New Trend: Being Green Even Into Retirement

A growing demand is occurring as baby boomers begin to retire for sustainable, green retirement communities. This is expected considering the baby boomers were the first generation to be exposed to the relationship between human activity and its effect on the environment. Named the first green generation, baby boomers are beginning to expect that their retirement communities follow the rules that the green pioneers have fought so hard to implement.

The New York Times article “Demand and Expectations Grow for Green Retirement Communities” discusses this demand.

Pictured Above: Wake Robin uses 20% of its electricity from solar panels, meat and produce are from local farms and 50,000 ladybugs act as natural pesticides.

A DIE­HARD community gardener and composter, David Conrad, 77, wanted to age in a retirement community that complemented his love of all things green. So seven years ago, he and his wife, Sally, moved to earth­friendly Wake Robin in Shelburne, Vt. Now Mr. Conrad spends his days managing the Wake Robin recycling campaign, along with working in the community garden and walking the community’s four miles of wooded trails. Other residents make maple syrup or tend beehives that produce honey, which is bottled and sold. “I wanted to live in a place that’s healthy,” says Mr. Conrad, who is a retired college professor. “So sustainability is very important. We like to think that we’re leading the way.” Green do­gooders like Mr. Conrad are indeed forging a new path for retirees. Though eco-­conscious retirement communities are still rare in the United States (exact figures are scant), they are expected to grow in number as baby boomers age and seek healthier, greener alternatives.

“Moving forward, in the next 20 years, these green communities will become the standard,” said Andrew Carle, director of the senior housing administration program at George Mason University in Fairfax, Va. Lots of green communities are in the development stage, said Jamie Hopkins, associate professor of taxation at the American College of Financial Services. But for now, there’s more need than supply, especially as baby boomers age. Some places even have five­ year waiting lists, he said. These lush facilities offer lots of unseen benefits. Carbon footprints are reduced with energy­ and water ­saving initiatives, including geothermal heating and low­ flow toilets. And older people can enjoy environmentally friendly buildings that typically offer airy spaces with more natural light and indoor furnishings that use far less toxic materials. These communities can also reap subsidies and incentives that might provide more motivation to make the upgrades, experts say.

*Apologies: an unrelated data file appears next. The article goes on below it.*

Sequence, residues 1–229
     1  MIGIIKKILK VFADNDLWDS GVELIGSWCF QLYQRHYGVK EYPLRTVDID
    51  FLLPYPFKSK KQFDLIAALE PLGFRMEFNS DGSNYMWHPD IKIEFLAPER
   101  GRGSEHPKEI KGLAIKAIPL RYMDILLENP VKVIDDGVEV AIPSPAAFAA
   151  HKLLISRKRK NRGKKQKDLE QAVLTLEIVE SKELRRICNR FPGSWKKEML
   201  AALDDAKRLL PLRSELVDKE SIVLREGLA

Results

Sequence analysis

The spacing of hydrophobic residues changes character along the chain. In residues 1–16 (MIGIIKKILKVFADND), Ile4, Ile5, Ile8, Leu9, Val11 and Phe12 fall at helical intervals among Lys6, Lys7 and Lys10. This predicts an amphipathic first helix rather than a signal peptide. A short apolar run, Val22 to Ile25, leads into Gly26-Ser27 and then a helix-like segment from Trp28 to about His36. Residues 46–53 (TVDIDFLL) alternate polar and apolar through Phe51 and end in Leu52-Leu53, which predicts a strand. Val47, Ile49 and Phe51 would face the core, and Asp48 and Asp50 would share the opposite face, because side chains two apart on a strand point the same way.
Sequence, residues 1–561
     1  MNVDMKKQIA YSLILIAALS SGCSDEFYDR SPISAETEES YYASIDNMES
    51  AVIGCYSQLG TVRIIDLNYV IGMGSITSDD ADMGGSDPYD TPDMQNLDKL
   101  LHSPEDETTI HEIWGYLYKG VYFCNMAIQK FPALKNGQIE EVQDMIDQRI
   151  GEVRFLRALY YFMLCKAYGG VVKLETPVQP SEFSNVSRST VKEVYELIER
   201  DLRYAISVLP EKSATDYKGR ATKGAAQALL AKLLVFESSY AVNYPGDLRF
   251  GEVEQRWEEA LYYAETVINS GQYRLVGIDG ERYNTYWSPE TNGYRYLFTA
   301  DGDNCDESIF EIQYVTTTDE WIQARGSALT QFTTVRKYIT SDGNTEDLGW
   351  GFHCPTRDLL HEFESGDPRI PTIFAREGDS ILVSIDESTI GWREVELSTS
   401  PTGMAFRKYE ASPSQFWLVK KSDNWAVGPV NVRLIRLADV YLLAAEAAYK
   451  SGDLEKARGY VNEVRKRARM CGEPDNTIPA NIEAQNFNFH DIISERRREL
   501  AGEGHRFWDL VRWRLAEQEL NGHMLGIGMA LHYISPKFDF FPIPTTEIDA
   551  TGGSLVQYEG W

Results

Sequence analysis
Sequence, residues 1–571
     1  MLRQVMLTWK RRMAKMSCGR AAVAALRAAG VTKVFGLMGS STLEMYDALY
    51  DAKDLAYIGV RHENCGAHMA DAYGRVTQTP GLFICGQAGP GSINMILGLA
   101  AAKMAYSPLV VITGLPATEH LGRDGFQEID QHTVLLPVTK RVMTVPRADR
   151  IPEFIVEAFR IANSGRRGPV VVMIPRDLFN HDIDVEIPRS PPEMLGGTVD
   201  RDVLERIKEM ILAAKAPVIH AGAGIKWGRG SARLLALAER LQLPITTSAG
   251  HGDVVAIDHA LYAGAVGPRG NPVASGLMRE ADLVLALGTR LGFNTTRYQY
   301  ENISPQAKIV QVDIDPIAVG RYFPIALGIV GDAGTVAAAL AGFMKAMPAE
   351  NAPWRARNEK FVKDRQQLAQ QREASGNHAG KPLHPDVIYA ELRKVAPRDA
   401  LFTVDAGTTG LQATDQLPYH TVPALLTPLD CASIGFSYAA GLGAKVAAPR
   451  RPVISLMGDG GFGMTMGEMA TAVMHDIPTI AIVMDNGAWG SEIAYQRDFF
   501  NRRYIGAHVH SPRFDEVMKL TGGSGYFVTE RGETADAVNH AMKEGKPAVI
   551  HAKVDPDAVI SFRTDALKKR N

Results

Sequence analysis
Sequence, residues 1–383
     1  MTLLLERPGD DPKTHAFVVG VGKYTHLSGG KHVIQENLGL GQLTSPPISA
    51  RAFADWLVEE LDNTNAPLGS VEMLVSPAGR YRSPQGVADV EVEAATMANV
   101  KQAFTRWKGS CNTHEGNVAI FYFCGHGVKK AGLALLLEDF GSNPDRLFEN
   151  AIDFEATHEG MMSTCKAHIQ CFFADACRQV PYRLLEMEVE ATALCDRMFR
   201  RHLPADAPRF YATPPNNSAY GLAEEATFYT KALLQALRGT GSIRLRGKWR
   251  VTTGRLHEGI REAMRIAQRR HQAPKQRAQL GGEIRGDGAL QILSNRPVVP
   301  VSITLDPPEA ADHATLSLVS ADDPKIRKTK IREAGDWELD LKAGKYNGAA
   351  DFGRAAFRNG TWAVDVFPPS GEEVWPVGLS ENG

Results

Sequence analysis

The biggest challenge, though, is wading through the gray policy areas of green standards. So Mr. Hopkins recommends making sure there’s enough evidence to back up actual claims. “Eco-­friendly doesn’t mean a lot,” he said. “And some places just use buzz words.” For example, some so­ called eco­friendly communities may have golf courses, which use lots of water. Two types of official green standards can serve as guideposts, though. The first, said Mr. Hopkins, is Energy Star ratings on appliances, which is a government label that designates energy efficiency. Second is a community’s LEED certification, Mr. Hopkins said. It’s a widely recognized program put together by the U.S. Green Building Council to create healthier, more energy­ efficient buildings.

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